ANTARSYA UK supports the Climate Strike on Friday 20th of September and all the relevant protests that take place in the UK and globally. We welcome all the students, the workers and everyone else that will demonstrate against the climate crisis. This movement is ongoing and growing.
We encourage the presence and the unity on the streets of the anti-capitalist and radical left-wing groups and people to demonstrate seeking to progress this struggle a step further: not by requesting the Big Capital to become more sensitive or by asking a general election, but blaming the ones that are responsible for the climate crisis.
Those responsible for that situation need to pay for the consequences! The large corporations mostly from the global North whose activities all over the world are disastrous for the environment. The governments that do not take any serious measure against them but instead use state violence against the protesters, with thousand arrests.
Friday the 20th needs to become a big day of climate action. Let’s also make it signal the beginning of a radical struggle that will not stop until we finish with the disastrous effects of capitalism and any form of exploitation.
Let’s all strike and take to the streets on September 20th against the climate crisis and the capitalist process!
Discussion-event: Are Climate Change and Biodiversity Loss reversible under Capitalism? Discussing radical alternatives to the capitalist exploitation of naturePosted: September 9, 2019
Are Climate Change and Biodiversity Loss reversible under Capitalism? Discussing radical alternatives to the capitalist exploitation of nature
Since the 2008 financial crash, nature-society relationships across the globe have been profoundly transformed by the entrenchment of neoliberal policies in the form of fiscal austerity, deregulation, re-regulation and privatization of natural resources and formerly public property. From mining, fracking, waste disposal and land grabbing in rural locations, to shrinking access and loss of public green spaces, gentrification, urban regeneration, and infrastructure megaprojects in cities, natures within and beyond cities are being expropriated, privatized, commoditized, transformed and degraded with the aim to overcome recession and boost economic growth. At the same time, green capitalism is being promoted as a solution to both the environmental and economic crisis via the creation of various market-based instruments, including carbon credits, biodiversity offsets, payments for ecosystem services, that seek to put a price tag to nature, radically transforming the politics of global biodiversity loss and climate change.
The increasing neoliberalisation of nature manifests new enclosures and reterritorializations aiming to control land and resources by creating new forms of access, claim-making and exclusion, in the process disregarding local traditions, meanings and commitments. The exclusion of community groups, the increasing role of non-elected and unaccountable institutions, and governmental suppression of environmental struggles along with the further shrinking of the welfare state has exposed that the consensus driven neoliberal rhetoric has been increasingly lapsing into undemocratic and even authoritarian environmental governance in an era of a harsh global capitalist crisis.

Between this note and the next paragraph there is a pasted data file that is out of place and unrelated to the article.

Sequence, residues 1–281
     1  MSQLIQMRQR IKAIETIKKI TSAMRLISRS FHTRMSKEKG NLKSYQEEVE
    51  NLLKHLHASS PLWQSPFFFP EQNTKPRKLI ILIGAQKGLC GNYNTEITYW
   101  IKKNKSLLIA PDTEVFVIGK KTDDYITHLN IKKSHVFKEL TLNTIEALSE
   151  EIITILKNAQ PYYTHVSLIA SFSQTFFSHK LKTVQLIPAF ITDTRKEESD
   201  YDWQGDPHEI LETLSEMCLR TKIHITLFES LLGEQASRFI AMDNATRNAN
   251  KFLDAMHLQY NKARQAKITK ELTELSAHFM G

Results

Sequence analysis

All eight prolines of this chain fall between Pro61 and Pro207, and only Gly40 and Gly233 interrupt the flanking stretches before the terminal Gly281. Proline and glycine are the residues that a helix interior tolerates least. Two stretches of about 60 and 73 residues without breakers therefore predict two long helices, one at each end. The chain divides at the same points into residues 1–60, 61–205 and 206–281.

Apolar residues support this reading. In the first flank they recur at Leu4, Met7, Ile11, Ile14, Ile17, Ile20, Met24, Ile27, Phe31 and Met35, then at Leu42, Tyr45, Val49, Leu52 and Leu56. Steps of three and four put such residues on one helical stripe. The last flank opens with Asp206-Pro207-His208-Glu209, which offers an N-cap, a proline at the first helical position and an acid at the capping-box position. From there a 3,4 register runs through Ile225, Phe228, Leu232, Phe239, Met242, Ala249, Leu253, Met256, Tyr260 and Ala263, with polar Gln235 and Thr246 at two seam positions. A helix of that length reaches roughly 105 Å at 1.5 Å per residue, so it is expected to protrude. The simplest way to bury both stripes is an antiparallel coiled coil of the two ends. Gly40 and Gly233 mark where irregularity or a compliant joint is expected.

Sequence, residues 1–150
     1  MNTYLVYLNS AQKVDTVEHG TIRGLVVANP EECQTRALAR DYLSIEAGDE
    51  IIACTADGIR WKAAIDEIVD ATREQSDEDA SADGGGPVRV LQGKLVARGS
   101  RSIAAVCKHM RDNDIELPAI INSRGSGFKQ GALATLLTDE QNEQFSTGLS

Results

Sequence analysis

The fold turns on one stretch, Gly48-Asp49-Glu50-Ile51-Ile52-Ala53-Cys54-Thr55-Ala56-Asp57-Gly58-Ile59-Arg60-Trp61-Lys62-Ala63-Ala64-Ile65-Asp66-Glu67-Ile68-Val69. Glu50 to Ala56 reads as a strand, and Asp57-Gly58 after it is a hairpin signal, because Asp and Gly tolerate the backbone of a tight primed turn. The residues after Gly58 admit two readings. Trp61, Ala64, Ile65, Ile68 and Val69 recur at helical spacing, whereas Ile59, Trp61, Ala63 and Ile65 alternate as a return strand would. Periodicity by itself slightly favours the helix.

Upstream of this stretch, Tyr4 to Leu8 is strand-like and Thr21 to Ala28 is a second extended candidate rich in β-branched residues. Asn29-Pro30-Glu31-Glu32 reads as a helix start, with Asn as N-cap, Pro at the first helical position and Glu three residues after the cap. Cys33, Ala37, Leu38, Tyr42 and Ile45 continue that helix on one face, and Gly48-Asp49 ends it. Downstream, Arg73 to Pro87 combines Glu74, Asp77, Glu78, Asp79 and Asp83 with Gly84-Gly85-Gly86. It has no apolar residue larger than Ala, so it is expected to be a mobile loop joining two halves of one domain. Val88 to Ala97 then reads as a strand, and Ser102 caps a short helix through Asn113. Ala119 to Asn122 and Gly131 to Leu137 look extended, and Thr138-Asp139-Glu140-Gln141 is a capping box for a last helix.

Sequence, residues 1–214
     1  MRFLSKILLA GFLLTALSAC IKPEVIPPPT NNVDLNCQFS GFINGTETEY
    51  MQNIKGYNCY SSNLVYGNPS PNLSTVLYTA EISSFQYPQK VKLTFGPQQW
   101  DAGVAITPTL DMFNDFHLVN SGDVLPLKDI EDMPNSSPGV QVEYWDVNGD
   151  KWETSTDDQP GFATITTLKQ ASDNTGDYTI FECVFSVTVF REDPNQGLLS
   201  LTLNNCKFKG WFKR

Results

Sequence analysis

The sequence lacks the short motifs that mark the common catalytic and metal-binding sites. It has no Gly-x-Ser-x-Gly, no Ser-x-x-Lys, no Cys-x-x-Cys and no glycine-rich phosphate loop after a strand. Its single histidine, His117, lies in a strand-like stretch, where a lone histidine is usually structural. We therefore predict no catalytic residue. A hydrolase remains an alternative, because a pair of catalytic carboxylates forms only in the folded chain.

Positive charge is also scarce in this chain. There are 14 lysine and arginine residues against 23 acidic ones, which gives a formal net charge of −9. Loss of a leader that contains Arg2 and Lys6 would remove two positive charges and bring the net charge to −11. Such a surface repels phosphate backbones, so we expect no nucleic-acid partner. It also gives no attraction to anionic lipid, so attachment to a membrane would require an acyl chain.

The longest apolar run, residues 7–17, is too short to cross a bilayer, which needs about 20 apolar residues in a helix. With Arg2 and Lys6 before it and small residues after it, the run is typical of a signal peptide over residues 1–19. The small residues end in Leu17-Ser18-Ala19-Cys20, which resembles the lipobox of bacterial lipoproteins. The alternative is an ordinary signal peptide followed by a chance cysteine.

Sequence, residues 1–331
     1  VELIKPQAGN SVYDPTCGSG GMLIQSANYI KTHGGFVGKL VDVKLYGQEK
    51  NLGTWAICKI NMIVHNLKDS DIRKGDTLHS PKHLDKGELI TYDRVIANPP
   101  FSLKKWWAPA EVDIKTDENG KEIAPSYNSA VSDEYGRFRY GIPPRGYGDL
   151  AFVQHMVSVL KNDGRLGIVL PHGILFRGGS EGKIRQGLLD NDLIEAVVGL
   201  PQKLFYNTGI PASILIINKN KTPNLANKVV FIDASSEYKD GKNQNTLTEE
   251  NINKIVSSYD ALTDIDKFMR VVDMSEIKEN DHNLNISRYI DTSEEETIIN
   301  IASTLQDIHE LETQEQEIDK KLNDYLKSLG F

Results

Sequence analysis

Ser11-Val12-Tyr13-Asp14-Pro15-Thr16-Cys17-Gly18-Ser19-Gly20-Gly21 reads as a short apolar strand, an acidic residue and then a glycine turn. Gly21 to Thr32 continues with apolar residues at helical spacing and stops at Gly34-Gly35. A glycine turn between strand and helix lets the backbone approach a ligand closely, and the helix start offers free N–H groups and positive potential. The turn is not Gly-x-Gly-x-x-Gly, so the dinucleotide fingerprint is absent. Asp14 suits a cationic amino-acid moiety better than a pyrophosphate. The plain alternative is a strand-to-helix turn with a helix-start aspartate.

In response, various social-environmental movements have emerged with the purpose to oppose environmental, social and spatial injustices and the undemocratic character of social-environmental change often putting barriers to the relentless exploitation of nature by capital: the protests against pipelines in Canada and the US, the opposition against gold mining in Romania, Turkey and Greece, the anti-fracking struggle in the UK are among the many examples. Importantly, the last year has also seen a surge of discussions and actions across the globe, including the UK, about climate change. The Climate Strikes and the Extinction Rebellion actions have already had a big impact on the British society while also leading the government to declare an ambiguous climate emergency. However, we believe that the discussion on both the primary causes and the key ways to react has not yet developed at a satisfactory level. The following period is crucial on how environmental actions will evolve in the UK and globally. Political initiatives of the left need to mobilise and inspire workers, youth, and unemployed to act immediately and effectively.
Members of ANTARSYA, the Greek anticapitalist front based in the UK, organise an event to discuss the pressing environmental challenges of our times and possible responses from a radical left perspective. Our aim is to contribute and deepen the ongoing discussion on the drivers and agents of the double crisis of climate change and biodiversity loss, its relation to the capitalist mode of production and radical alternatives to the current production of nature. We invite everyone who considers these issues a relevant cause to a lively debate around the political strategies that we must develop in order to respond effectively and timely.
Elia Apostolopoulou, University of Cambridge
Gareth Dale, Brunel University
Maria Kadoglou, Observatory of Mining Activity “Anti-Gold Greece”
Saturday, October 5, 17.00, SOAS University, London